The amendment bill includes information about the period for which the condition will be imposed and how organisations should be notified.
Notification requirements for NVR RTOs in relation to changes to the operation of an NVR RTO or events likely to significantly affect an NVR RTO’s ability to comply with the VET Quality Framework;
The stringent notification requirements are suggested to be made mandatory. The legislation enforces a policy of continuous disclosure on an RTO, notifying ASQA when there are likely to be significant changes to an RTO or when an event occurs that is likely to significantly affect an organisation’s ability to be compliant.
Reviewable decisions made by the delegate of the NVR;
Section 203 includes information about the reviewable decisions made by the delegate of the NVR.
Compliance standards and conditions for accredited courses;
There are a number of compliance standards and conditions suggested for accredited courses. Such as section 47:
A person in respect of whom a VET accredited course is accredited must:
- comply with the conditions set out in sections 47A, 47B and 47C; and
- comply with any conditions imposed on the accreditation of the VET accredited course under subsection 48(1).
Preparation and publication of audit reports by the NVR;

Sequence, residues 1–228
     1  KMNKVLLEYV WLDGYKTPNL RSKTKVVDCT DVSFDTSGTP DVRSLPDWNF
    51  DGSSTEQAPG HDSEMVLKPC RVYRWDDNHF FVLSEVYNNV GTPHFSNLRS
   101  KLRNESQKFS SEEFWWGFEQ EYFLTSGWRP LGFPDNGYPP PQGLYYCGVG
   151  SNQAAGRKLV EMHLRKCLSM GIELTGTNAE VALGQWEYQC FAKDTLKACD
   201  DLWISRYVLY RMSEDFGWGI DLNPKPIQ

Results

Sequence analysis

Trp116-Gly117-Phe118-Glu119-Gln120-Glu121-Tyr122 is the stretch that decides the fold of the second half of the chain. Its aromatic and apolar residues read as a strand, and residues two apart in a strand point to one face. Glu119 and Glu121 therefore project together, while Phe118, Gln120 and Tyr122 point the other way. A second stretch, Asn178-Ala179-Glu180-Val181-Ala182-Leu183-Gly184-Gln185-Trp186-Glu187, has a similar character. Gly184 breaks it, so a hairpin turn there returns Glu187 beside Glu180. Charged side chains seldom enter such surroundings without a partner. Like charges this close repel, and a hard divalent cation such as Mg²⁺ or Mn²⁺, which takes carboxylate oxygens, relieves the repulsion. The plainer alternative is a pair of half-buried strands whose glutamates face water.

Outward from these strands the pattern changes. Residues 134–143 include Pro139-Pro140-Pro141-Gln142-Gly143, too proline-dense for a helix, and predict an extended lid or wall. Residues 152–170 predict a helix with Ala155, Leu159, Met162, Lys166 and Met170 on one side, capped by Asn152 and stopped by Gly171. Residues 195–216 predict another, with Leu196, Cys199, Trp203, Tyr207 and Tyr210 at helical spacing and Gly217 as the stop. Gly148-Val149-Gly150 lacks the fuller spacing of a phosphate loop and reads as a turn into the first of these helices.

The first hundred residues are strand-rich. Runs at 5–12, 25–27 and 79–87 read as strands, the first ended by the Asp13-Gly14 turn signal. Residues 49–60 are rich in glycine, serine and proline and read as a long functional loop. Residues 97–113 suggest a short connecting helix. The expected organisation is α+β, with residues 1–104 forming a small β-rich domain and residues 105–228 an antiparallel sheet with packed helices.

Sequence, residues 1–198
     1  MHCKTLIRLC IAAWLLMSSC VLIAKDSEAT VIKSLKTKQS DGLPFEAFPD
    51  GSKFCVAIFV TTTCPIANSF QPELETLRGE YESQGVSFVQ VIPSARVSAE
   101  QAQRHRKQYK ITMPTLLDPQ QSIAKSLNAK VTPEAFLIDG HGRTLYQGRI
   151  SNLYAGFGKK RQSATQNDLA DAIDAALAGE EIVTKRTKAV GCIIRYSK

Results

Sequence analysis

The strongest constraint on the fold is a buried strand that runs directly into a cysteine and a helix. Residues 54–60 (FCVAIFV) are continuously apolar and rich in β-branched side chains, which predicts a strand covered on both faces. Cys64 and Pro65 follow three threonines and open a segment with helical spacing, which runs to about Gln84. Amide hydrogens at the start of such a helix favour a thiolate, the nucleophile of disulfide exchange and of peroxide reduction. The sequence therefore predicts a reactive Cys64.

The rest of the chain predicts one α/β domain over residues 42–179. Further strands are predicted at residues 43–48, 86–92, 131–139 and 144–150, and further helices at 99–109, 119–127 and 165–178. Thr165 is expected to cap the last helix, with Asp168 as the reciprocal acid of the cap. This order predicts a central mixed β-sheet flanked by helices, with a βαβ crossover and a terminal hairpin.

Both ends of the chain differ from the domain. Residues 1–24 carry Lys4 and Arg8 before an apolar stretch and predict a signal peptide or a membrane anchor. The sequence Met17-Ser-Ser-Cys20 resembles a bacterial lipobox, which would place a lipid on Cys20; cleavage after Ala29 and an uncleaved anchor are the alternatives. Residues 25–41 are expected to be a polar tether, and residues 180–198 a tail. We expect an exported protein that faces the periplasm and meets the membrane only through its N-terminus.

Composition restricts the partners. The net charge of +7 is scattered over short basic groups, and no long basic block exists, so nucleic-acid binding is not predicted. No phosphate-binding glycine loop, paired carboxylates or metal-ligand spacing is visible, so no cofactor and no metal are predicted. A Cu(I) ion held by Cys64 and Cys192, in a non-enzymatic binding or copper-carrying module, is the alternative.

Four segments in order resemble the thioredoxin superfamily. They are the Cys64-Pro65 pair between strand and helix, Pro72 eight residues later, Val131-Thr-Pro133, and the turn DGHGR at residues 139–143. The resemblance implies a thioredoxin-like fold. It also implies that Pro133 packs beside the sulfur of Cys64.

ASQA will be required to publish audit reports to its own website. The format and timings of publication of these reports are not clear yet. The amendment bill states the following after section 17A:
17A Requirements for audits conducted in relation to applications for registration
The National VET Regulator must prepare a report of an audit conducted under subsection 17(3) in relation to an application for registration.
The report must:
(a) be in a form (if any) approved by the Minister; and
(b) comply with the requirements (if any) prescribed by the audit report rules for the purposes of this paragraph.
The report must not include personal information , unless the personal information is the name of:
(a) the applicant; or
(b) an N VR registered training organisation.
The National VET Regulator must comply with the requirements (if any) prescribed by the audit report rules relating to the publication of the report.
Electronic sharing and publication of information authorised by the NVR;
The proposed changes suggest that no personal information should be made available through publication of the audit reports or electronic sharing. This change is to meet the requirements of the Privacy Act 1988 (Privacy Act) and the Australian Privacy Principles (or APPs). For more information, please refer here.
The other changes include the following:
- information that the NVR is required to enter on the National Register;
- the NVR’s powers to request documents in electronic form, use of enforceable undertakings and to allow for regulatory decisions to be stayed while under reconsideration;
- cancellation of VET qualifications and statements of attainment;
- the minister’s powers to issue directions to, and determine certain fees charged by, the NVR;
- certain offence provisions relating to the delivery of a VET course;
- processes for the appointment of acting Commissioners, the Deputy Chief Commissioner and the Chief Commissioner of the NVR; and the NVR’s annual operational and corporate plans; and to make a number of technical amendments; and National Vocational Education and Training Regulator (Transitional Provisions) Act 2011 to provide for transitional arrangements.
For more information regarding the changes and how they will affect you, contact us at email@example.com.